SCHENECTADY — Climate change is dominating public discourse.
In addition to the constant flow of new data and headlines, there are measurable steps ordinary people can take to play their part in building a more sustainable planet, experts said during a panel discussion on Wednesday.
Dr. Gina Gould said buying local is a chief way for consumers to assert themselves.
One pound of ground beef purchased at Sam’s Club, for instance, contains components from 20 different countries.
The energy costs required to transport the finished product to local dinner plates are considerable, she said.
Consumers should largely stay away from pre-packaged items. Simple measures like growing gardens and reusing packaging makes a big difference and sends a powerful message to businesses, she said.
“We have to stop purchasing these things,” said Gould, president of the Museum of Innovation and Science (miSCI) in Schenectady. “I think in three days, the loss of income for (corporations) is going to be a game-changer.”
Mark Richardson agreed.
“If people vote with their dollars and their feet, that’s a way to build momentum, but also to build a sustainable change to a different way of living on our planet,” said Richardson, founder and CEO of US Light and Energy, a solar developer.
Panelists delivered their comments at an Earth Day-focused forum at URBAN CO-WORKS in downtown Schenectady.
Richardson encouraged attendees to consider using community solar programming, which allows energy subscribers who aren’t tapped into solar networks — including apartment-dwellers — to benefit from solar energy.
Mark King, executive director of Mohawk Hudson Land Conservancy, said among the most important thing ordinary people can do to combat climate change is to take a walk in nature and appreciate the role of forests in removing carbon from the atmosphere.
“When we protect forests, we’re combating climate change,” he said.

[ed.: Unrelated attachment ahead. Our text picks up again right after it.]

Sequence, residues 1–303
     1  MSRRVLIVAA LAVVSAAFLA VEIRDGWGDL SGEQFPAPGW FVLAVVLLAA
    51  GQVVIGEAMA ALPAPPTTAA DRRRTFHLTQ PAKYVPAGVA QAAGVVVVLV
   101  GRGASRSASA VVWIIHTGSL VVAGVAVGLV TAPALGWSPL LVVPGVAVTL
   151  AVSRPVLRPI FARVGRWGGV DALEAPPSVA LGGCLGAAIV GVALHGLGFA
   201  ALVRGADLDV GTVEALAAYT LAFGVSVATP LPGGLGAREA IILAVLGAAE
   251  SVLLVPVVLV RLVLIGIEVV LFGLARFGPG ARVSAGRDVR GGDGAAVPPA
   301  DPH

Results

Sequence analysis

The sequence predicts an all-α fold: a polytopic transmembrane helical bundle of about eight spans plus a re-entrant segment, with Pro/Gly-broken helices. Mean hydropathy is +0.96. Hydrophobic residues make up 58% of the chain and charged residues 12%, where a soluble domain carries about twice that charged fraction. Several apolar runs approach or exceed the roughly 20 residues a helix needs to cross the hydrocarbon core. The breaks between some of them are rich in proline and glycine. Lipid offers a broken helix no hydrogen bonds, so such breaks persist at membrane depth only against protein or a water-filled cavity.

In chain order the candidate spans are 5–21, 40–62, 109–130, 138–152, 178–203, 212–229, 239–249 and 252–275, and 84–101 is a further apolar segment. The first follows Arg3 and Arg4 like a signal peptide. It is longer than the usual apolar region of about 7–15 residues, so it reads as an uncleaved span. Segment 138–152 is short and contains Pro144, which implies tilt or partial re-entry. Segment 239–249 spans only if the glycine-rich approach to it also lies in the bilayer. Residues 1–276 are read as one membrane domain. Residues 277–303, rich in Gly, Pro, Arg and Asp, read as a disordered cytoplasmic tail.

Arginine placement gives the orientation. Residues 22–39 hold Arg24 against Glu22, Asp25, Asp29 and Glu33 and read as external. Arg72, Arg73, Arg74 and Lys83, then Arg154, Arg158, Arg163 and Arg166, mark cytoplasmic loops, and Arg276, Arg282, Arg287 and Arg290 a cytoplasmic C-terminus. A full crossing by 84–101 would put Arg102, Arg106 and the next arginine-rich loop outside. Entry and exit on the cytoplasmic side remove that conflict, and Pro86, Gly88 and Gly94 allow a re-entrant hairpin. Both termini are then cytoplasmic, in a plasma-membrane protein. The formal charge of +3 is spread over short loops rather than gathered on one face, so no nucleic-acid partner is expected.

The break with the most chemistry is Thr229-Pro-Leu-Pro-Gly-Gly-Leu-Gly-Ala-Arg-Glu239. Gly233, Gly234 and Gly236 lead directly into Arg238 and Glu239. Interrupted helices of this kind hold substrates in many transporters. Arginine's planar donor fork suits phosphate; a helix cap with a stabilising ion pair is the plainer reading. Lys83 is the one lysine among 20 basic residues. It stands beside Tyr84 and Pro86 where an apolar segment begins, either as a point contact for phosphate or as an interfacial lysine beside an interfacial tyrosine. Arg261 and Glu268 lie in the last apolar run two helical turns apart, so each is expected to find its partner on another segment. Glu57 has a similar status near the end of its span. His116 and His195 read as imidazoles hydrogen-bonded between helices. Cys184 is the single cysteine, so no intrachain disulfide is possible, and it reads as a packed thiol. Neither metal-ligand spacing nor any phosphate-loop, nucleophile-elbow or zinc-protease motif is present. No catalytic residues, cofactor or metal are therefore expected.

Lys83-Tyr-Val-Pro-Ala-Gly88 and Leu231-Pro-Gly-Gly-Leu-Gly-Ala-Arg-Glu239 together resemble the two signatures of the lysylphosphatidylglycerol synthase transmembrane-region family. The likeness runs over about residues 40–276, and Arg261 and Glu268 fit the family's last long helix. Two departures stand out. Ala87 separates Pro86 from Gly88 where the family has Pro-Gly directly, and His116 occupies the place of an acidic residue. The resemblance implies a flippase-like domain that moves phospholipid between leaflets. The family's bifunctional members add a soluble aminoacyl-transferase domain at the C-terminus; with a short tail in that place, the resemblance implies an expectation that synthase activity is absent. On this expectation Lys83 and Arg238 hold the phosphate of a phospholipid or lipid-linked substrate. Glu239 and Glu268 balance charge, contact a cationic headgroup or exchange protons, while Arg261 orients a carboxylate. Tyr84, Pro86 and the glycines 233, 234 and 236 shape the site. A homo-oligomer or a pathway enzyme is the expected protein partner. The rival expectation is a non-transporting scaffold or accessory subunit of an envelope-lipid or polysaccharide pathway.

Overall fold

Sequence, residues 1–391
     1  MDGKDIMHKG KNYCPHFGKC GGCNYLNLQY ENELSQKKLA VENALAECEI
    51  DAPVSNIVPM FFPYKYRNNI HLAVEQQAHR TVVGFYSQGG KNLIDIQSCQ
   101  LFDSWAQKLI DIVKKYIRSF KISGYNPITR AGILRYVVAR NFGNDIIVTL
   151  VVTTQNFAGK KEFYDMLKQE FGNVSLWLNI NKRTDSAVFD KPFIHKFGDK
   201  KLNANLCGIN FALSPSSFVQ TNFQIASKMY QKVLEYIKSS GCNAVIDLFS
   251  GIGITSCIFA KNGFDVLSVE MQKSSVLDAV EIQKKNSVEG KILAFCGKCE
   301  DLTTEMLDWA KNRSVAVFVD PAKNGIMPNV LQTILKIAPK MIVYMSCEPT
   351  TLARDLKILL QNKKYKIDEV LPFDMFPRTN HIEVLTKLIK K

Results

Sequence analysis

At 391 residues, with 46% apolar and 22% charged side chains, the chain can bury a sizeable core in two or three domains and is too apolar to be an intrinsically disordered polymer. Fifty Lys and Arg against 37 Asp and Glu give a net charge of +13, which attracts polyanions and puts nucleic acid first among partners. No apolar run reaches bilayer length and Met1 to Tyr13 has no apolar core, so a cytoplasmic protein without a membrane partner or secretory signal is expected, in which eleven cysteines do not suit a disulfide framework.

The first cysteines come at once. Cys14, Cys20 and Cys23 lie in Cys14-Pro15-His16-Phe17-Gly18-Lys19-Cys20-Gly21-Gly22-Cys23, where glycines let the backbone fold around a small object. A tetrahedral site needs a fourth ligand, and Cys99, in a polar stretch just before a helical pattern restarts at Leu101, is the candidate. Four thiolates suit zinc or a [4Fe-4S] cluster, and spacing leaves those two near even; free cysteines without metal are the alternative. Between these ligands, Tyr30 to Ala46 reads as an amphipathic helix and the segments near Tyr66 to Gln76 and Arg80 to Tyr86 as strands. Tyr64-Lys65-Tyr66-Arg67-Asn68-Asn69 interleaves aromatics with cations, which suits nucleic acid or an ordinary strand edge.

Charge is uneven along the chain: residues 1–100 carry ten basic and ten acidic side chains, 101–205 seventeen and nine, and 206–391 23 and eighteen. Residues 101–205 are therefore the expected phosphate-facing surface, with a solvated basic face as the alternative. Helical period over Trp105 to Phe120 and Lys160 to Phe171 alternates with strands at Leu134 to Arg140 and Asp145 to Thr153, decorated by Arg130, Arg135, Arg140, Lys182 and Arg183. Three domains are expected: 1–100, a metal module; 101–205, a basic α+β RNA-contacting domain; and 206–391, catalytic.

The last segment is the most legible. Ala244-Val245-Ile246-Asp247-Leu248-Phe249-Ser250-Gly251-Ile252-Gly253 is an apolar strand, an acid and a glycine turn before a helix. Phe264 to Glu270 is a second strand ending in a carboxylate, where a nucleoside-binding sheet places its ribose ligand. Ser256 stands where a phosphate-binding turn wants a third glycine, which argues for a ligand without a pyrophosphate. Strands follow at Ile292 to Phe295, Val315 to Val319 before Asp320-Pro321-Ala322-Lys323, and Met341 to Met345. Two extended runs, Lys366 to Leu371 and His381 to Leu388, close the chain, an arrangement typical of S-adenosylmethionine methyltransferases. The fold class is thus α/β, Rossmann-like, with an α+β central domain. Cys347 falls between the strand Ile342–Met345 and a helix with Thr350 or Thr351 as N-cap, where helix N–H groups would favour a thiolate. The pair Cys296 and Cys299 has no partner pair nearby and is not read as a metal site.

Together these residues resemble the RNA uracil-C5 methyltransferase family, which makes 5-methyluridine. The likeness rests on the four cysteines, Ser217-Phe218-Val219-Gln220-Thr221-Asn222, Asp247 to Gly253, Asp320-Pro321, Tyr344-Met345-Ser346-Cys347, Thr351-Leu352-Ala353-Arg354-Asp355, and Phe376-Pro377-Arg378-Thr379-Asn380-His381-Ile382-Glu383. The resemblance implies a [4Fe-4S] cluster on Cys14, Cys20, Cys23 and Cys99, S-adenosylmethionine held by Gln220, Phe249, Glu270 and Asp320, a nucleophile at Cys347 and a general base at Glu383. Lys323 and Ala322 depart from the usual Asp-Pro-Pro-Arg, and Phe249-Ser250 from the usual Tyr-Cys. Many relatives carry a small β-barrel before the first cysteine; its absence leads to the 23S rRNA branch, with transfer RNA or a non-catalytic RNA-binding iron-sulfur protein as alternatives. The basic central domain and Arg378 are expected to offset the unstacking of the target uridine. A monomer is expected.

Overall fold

But those consumer choices must be wedded to broader policy changes at the state and federal level, experts said.
Both the solar and nuclear industries will benefit from federal legislation relying on their usage to reduce reliance on fossil fuels.
The infrastructure is there and waiting.
“Everything we do is tempered with what can we achieve economically based on the policy construct we have to work within,” Richardson said. “We’re not going forward fast enough.”
Dr. George Young, a material scientist at Kairos Power, said his company is making inroads in developing the next generation of nuclear power, which he said is safer and more efficient than carbon-fired power.
U.S. Rep. Paul Tonko, D-Amsterdam, not only criticized the previous Republican-led Congress for failing to hold hearings on climate change, but the Trump administration as well for pulling out of the Paris Accord and issuing an executive order to repeal the Clean Power Plan.
Tonko assumed the gavel as chairman of the House Committee on Climate Change and the Environment after Democrats won the House majority last November.
Any future legislation would likely emerge from that subcommittee, said Tonko, who pledged Democrats would take a more forceful approach in crafting sustainable solutions to address climate change.
“While I cannot speak for the entire federal government, at least in the House of Representatives, the days of denying sound science are over and the day for debating solutions has begun,” Tonko said.
Any legislation should use his set of climate principles as a basic framework, Tonko said, which include achieving greenhouse gas neutrality by mid-century, bringing in local government as stakeholders and protecting low-income households.
Tonko said he aims to spend the next year building a political coalition of supporters and ultimately developing a bill for an “economy-wide” carbon pricing proposal, which would contain emissions reductions along with other investments in research, infrastructure and workforce development.
The lawmaker alluded to the Green New Deal, the sweeping climate change roadmap released by Rep. Alexandria Ocasio-Cortez, D-Bronx, earlier this year that has been criticized by Republicans as sweeping and impractical in nature.
“I’ve been very disappointed by some peoples’ suggestions that Democrats want to outlaw hamburgers and air travel,” he said. “That’s nonsense. We want to solve the carbon crisis.
King urged people to get involved locally — including with their local planning boards, which can play a crucial role in the development of clean energy policies.
“That involvement, I think, is really the key for people to make that next step,” he said.
Schenectady Mayor Gary McCarthy also updated attendees on the city’s Smart City initiative, which seeks to deploy technology to reform how the government delivers services.
Those improvements — including using LED street lights manned with cameras and sensors — can play a role in sound environmental policy by reducing energy usage and developing additional efficiencies, he said.